Kasai: Since we’ve had more opportunities to appear in the media, we’ve been able to meet artists of various genres. There’s a lot we can take in from the outside world, and we’re now more aware of reaching “outward.” This is reflected in our stage performances, I think.

Shiotsuka: We deliberately aimed to do pop for our previous album, but this time we tried to do whatever we wanted. I didn’t want to yield anything until I reached a quality that I thought was good.

Fukuda: I also felt like I was going back to my roots. Like, be cynical, don’t play my instrument in a habitual way, and freely do edgy stuff.

Sounds like you’re in a healthy place where you’re able to make an album with that mentality during a period when your reach is growing. Incidentally, this interview series began in part because of the gender imbalance we noticed on the Billboard Japan charts. Ms. Shiotsuka and Ms. Kasai, do you think being a woman has had any impact on your daily lives and musical activities?

Shiotsuka: While this doesn’t pertain to any of our recent shows, I think there’s a tendency where it’s pretty obvious that projects featuring female bands or artists are supported mostly by male fans, especially in small-capacity “live houses” (nightclubs). Of course there shouldn’t be any limitations based on gender in liking a certain band’s music, but I do find myself questioning the guys’ intent, like, “Do they really appreciate the music?”

Kasai: I really get what Moeka is saying. We want people to genuinely enjoy our music, but start wondering what fans of the opposite sex are looking for and become more concerned than necessary about how we look in their eyes.

Shiotsuka: Also, this isn’t really about music, but I feel that the world is inundated with images of women being consumed in a sexual way. Even posters warning people to be careful of traffic accidents depict characters in police uniforms with their breasts emphasized and it makes me wonder why.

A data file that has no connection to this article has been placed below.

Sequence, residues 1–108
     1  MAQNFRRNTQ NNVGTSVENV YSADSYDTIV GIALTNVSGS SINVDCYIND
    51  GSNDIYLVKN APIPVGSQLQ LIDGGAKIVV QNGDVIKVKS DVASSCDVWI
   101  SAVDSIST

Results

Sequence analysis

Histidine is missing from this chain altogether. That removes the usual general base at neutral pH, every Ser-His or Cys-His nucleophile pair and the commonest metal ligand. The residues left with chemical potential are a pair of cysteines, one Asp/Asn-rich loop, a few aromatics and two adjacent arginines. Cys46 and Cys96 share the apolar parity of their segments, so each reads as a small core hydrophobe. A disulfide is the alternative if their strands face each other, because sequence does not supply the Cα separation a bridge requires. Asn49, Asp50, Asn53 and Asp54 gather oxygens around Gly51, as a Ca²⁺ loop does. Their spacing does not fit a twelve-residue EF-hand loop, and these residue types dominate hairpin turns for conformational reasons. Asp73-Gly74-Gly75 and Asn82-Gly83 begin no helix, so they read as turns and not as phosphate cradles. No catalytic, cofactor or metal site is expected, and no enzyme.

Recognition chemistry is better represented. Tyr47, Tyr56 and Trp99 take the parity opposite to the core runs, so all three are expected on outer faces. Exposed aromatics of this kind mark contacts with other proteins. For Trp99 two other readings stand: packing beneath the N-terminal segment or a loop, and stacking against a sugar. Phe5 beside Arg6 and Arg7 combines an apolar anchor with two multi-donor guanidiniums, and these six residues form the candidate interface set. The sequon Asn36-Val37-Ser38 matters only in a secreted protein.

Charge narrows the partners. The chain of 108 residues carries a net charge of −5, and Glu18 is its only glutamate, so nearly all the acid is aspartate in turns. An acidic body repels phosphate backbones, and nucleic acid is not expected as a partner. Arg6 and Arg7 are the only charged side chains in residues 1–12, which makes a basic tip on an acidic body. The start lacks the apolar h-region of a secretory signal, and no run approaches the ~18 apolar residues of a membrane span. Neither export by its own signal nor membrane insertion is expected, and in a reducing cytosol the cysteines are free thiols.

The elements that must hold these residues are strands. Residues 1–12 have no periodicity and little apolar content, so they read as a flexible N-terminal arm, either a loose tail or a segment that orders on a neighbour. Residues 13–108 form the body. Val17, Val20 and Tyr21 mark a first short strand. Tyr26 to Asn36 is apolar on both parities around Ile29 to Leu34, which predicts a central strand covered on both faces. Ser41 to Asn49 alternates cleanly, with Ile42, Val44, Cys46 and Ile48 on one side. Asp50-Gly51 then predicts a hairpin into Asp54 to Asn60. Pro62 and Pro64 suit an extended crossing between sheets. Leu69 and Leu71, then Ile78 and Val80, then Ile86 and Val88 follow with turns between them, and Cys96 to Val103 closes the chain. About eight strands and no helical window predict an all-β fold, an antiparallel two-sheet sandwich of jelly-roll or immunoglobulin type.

Being a woman in a band, I don’t like having the concept of “female modesty” imposed on me from the outside. I used to wear dresses onstage before, but this year I decided to go with pants and it feels like a good fit with what I want to express in this band. It sits right with me.

Kasai:  Also, the staff at concerts and other events are mostly male. It may be unavoidable in part because there’s a lot of heavy lifting involved, but there are very few women when we go around the country on tour.

Shiotsuka: That’s so true. And the boxed lunches (for catering) tend to be calorie bombs. [Laughs] When we have to eat fried food for days on end, we’re like, “God I want to eat vegetables.” 

Other people in this interview series have also mentioned that point about how women are in the minority on the staff side of the (Japanese) music industry. One problem is that there are so few women in the upper ranks of organizations and that influences the entire industry.

On a different note, Mr. Shiotsuka, I read something you said in a past interview about the things you “thought about to keep doing music for a long time.” At that time, you mostly spoke about songwriting and wanting to “make music that you can keep on loving.” I’d like to ask you if there’s anything you wish were different so that female artists can keep doing music for a long time.

Shiotsuka: If a woman wants to continue doing music, it’s hard to avoid the impact of major changes in her life, for example if she chooses to become a mom. I’m 27 years old now and such choices are starting to feel real for me. Like if I were considering having kids, but have a full schedule laid out for next year, I’d definitely think about how my pregnancy could cancel the tour. But I know other female musicians who bring their kids to work and also that everyone will support me, so maybe it’s not really something to be so concerned about.

Kasai: Fukuda would probably take care of our kids if we asked him to keep an eye on them while we record.

Fukuda: [Laughs]

Shiotsuka: He probably would! [Laughs] Regardless of gender, I want to value being a human being before being a musician. It’s fine when work and life are in alignment, but I often put my personal life on the back burner when the balance goes off. I want to remember to prioritize my life.

–This interview by Rio Hirai first appeared on Billboard Japan

The post “hitsujibungaku Share Thoughts on Longevity in Music: Billboard Japan Women in Music Interview” by Katie Atkinson was published on 01/17/2024 by www.billboard.com